Pushing Through Fatigue:
Challenge yourself in your training sessions. Make those sessions have a purpose. Train harder than you compete. Be ready to stay in long point and long games.
When you’ve battled through fatigue in practice, you’ll be ready to battle hard in those same conditions during matches.
When you think you can’t go another point or game, remind yourself of Mahut and Isner match in the 2010 Wimbledon with a final set of 68-70!
For more strategies on building mental toughness in tennis, check out our audio and workbook program, “Tennis Confidence”:
Learn Proven Tennis Mental Game Strategies To Perform Your Best On The Court!
Are you (or your players) performing up to your ability in competition?
Do you bring your best and most confident game to matches?
I often hear players complain about the following problems when they play in matches…
“I get so tight or tense before matches that I can’t think straight or have any rhythm in my game.”
“I get so frustrated with hitting bad shots or with errors and it snowballs.”
“I expect so much when I play that I unravel and lose confidence when the match does not go as planned.”
“My confidence seems to disappear when I go from practice to matches and I don’t know why.”
Successful tennis players have learned how to perform with ultimate confidence in tournaments.
If you are ready to improve your mental toughness and perform with ultimate self-confidence in matches, Tennis Confidence: Mental Toughness For Tournament Players can help you do this!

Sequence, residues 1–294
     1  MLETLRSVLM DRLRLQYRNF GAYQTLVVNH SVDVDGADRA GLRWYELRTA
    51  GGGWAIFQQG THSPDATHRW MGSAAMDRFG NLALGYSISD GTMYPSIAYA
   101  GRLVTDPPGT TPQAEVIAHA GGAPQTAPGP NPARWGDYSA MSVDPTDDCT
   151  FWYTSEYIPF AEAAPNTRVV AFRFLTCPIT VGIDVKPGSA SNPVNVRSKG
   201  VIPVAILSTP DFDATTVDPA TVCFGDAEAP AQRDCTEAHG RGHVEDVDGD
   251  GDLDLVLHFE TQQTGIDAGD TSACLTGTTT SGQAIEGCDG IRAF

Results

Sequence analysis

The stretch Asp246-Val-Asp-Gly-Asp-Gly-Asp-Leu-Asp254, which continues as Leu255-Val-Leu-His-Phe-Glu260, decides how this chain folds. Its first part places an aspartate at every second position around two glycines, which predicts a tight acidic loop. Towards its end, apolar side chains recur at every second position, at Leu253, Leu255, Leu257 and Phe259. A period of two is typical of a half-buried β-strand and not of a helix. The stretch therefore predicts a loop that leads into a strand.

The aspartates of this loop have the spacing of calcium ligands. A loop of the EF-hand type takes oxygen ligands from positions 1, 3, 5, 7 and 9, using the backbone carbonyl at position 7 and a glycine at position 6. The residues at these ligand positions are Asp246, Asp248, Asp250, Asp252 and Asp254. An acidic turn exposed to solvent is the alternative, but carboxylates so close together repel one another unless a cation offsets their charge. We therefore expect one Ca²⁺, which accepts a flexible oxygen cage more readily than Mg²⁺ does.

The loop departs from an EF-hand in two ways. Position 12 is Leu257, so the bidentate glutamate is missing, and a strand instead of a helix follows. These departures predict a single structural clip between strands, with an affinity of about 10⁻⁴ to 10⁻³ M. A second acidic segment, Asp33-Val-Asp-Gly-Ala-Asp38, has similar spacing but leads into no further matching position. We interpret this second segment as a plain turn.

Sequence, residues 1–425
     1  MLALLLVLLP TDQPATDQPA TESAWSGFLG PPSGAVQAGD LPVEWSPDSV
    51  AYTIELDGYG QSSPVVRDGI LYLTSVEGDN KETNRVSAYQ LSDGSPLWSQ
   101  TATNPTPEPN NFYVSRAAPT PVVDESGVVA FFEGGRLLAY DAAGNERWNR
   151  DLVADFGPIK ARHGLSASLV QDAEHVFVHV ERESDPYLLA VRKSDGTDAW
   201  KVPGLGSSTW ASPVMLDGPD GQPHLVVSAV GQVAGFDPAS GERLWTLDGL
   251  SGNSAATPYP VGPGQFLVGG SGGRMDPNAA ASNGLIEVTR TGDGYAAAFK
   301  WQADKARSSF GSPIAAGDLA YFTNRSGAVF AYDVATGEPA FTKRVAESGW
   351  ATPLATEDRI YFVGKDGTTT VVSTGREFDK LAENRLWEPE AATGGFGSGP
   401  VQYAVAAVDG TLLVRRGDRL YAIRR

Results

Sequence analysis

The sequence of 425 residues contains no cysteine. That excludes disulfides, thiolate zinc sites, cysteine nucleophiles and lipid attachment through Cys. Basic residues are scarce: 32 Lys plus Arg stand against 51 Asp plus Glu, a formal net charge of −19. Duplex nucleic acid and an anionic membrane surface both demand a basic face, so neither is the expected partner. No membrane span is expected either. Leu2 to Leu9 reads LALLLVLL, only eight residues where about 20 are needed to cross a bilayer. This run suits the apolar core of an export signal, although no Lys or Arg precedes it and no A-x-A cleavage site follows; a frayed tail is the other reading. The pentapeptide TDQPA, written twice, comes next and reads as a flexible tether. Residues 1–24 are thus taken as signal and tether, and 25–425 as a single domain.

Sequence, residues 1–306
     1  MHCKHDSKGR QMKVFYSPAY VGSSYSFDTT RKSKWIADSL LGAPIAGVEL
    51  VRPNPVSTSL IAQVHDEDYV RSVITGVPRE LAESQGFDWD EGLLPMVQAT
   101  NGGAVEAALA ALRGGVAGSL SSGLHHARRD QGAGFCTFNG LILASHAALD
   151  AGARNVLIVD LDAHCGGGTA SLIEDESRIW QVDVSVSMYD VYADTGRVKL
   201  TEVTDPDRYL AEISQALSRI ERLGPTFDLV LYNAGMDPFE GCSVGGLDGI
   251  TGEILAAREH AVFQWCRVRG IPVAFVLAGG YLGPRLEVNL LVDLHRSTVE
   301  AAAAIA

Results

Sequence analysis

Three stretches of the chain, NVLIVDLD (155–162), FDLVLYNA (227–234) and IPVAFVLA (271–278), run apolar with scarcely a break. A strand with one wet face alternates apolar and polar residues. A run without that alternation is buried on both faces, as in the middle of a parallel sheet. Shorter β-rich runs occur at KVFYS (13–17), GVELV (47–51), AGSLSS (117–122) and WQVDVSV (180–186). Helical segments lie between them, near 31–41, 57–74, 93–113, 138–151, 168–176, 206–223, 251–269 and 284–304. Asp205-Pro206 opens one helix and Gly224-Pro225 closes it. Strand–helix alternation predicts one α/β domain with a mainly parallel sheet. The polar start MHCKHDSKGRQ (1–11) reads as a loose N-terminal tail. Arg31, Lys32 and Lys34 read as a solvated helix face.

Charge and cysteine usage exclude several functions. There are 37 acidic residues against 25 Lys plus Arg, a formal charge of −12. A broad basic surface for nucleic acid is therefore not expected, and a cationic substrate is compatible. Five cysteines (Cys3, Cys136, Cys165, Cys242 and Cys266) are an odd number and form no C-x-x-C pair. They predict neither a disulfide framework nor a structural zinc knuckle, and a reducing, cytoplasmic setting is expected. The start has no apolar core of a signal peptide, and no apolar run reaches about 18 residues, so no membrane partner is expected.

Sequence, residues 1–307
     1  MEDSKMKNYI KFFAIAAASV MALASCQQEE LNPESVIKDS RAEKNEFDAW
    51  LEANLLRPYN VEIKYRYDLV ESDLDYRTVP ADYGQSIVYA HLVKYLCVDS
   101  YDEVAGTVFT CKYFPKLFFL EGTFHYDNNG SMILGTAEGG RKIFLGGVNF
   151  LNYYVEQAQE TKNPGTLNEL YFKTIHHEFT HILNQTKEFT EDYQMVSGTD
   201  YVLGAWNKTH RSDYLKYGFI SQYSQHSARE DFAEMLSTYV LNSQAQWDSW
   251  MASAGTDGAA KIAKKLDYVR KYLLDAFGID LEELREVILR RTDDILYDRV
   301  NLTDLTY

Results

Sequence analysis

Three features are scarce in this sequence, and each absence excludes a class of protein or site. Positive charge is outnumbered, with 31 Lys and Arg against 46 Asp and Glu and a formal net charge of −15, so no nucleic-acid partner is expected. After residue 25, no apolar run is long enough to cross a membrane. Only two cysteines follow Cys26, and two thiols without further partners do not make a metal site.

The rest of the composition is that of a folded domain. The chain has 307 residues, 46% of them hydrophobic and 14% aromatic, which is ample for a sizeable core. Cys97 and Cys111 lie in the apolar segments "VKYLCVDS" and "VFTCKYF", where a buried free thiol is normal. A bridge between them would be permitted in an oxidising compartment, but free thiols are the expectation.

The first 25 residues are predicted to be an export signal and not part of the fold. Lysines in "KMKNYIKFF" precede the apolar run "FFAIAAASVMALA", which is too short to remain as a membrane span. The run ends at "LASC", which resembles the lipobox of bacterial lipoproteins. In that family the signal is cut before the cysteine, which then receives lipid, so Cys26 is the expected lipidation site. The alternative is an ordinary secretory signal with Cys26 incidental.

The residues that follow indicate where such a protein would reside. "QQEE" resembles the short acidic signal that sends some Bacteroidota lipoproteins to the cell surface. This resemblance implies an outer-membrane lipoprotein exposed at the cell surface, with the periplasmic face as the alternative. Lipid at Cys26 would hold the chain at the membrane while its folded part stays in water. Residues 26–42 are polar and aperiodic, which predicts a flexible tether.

- Players: Learn how to take control of your confidence, focus your best, and win more close matches.
- Parents: Help boost your junior tennis player’s confidence for tournaments. Just load the program on your player’s IPod!
- Coaches: Boost your team’s confidence using simple, proven mental strategies.
- Instructors: Learn how to give your students the mental game advantage.
Use Tennis Confidence to help boost your mental toughness in tennis and discover powerful and proven mental game strategies that have helped professional athletes win!
Tennis Confidence: Mental Toughness For Tournament Players
What are mental game customers saying?
“Dr. Cohn did a great job working with my son Joe on his mental skills for tennis. He taught him the mental skills and discipline necessary to move to the next level.”
~Mike Withers, dad of Joe Withers
“Since you last worked with AJ in early September, his National ranking has improved from 349 to 148. His tournament record at one point, since talking with you was 17-4, with 3 of the 4 being in third sets or tiebreakers and 2 of those matches being the same player, whom he has since beaten (you may recall he was on an 0-9 losing streak when we contacted you). His tie-breaker record is at least 90% through last weekend when he won the 18s District tournament with a semi and final match tiebreak win. Your help has definitely improved AJ’s results and his on-court demeanor has substantially improved.”
~Dawn Woodman, A.J.’s Mother